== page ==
Do you struggle with the ache of Christmases past?
Transitions have occurred that make you dread the holidays.
How can this possibly be the most wonderful season of all? you ask.
Maybe there’s been a change in your marital status.
Maybe your military spouse is deployed.
Maybe a job assignment has you far from loved ones.
Maybe you’ve lost a family member.
The holidays can be brutal after a loss or drastic lifestyle change.
When our life as a military family began in Oklahoma in 1979, we were parents to two sons, 3 years-old and a newborn. The overwhelming sadness of facing Christmas far away from our East Coast family forced my planning mind into action.
Wanting to connect our small family around the Savior’s birth, five family customs became treasured Christmas traditions.
Ease the Ache of Christmases Past by Focusing on the Reason (for the Season)
The military base chapel introduced us to liturgical services. During the Christmas season, I found the weekly Advent candle lighting magical and intriguing.
A small Advent wreath with 4 candles became a Christmas centerpiece on our dining table.
December 1-24, a short ( 3-minutes or less) devotion after dinner involved a scripture about the awaited Advent and a child-sized discussion about its meaning.
Each Sunday of Advent, another candle was lit. We’d sing a Christmas carol and make an Advent-related craft.
Children are mesmerized by the lit candles and can’t wait to blow them out. Don’t be surprised if you have to light the candles again and again so each child can have his turn at extinguishing them.
Be prepared throughout the “devotion” to hear…
Can I blow out the candle?
Search Pinterest for simple DIY ideas.
Children need help visualizing timelines. This interactive countdown to December 25 is a great way to focus on the Reason.
Once our kids were in bed, I’d prepare the next day’s pocket by inserting a single piece of candy with a small slip of paper identifying an activity to look forward to that day.
A few suggestions of simple activities:
- We pick out the Christmas tree after breakfast
- We’ll decorate Christmas cookies this afternoon
- We’ll light the 3rd Advent candle after lunch
- After dinner, we’ll drive around to see the Christmas lights
If you tell children you plan to do something, give them a time of day to do it, and then be consistent and faithful to do it!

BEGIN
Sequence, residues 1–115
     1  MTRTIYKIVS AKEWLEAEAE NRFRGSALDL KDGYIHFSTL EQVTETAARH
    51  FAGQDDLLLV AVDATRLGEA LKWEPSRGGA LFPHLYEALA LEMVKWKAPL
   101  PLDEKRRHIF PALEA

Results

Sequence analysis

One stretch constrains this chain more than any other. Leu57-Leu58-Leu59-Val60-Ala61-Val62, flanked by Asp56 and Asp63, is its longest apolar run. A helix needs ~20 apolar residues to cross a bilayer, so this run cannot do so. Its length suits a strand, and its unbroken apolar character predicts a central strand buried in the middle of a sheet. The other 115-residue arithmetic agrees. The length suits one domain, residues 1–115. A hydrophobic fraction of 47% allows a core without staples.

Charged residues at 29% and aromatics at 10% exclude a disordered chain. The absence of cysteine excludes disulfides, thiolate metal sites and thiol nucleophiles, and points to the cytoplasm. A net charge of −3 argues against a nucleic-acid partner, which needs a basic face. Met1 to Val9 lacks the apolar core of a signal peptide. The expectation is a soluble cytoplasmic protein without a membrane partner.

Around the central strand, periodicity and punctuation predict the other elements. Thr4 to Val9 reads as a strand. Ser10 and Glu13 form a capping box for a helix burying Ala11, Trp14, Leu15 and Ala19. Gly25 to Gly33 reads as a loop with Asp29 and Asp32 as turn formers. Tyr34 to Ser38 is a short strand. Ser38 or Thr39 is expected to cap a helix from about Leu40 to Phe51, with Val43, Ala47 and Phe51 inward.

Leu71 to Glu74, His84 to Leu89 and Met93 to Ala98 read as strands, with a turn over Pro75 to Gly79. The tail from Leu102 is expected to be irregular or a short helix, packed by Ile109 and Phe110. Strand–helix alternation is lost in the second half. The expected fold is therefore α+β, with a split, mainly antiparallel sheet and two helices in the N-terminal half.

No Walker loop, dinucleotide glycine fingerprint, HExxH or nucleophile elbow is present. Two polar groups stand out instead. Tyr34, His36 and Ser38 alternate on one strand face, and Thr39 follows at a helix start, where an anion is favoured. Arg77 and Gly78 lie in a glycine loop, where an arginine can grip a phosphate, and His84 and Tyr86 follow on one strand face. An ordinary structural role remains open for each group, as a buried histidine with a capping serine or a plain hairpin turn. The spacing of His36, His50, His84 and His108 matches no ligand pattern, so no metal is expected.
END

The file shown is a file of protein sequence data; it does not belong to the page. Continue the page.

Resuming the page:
3. Christmas Eve Candlelight Service
Our military base chapel introduced us to this memorable tradition.
We choose to go to the earlier service, since the 11:00 p.m. or midnight service was too difficult with small children (and now as older adults).
I am always in awe….
The complete darkness of the room slowly coming to light as one candle after another is lit…
A holy hush is reverently interrupted as all sing “Silent Night”….
Add a pipe organ and I’m so there.
I can’t imagine a more appropriate way to usher in the Advent of the Savior. The real Reason for the season.
Well, I do envy the Bethlehem shepherds who were serenaded by angels on the first Advent.
4. Open one gift on Christmas Eve.
We like to open gifts on Christmas morning. But our young ones couldn’t stand to wait one day longer. We allowed them to open ONE gift on the 24th.
When do you open gifts?
5. Smell of Christmas
I wanted to start a tradition that would always smell like “Christmas morning” in our home.
I love to bake, and found an excellent recipe for cinnamon rolls.
Now, our grown kids say nothing smells like Christmas than the aroma of just-baked cinnamon rolls.
Today, the grandchildren have theirs with Grammie’s Special Coffee (steamed, frothy milk topped with colorful sprinkles).
On Christmas Eve (after the candlelight service), the rolls are prepped and left to rise overnight. The aromatic smell of cinnamon and coffee enticed us all as we gathered around the table to light the white Advent candle.
What special aroma smells like Christmas to your family?
Whatever transition you face this year, consider starting new traditions to ease the ache of Christmases past.
A blog post addressing some of your suggestions is forthcoming. I’d love to hear your new traditions.
What will do you to prepare your heart and your family’s in anticipation of the Savior’s Advent?
I’d love to hear how you focus on the Reason for this Holy Season.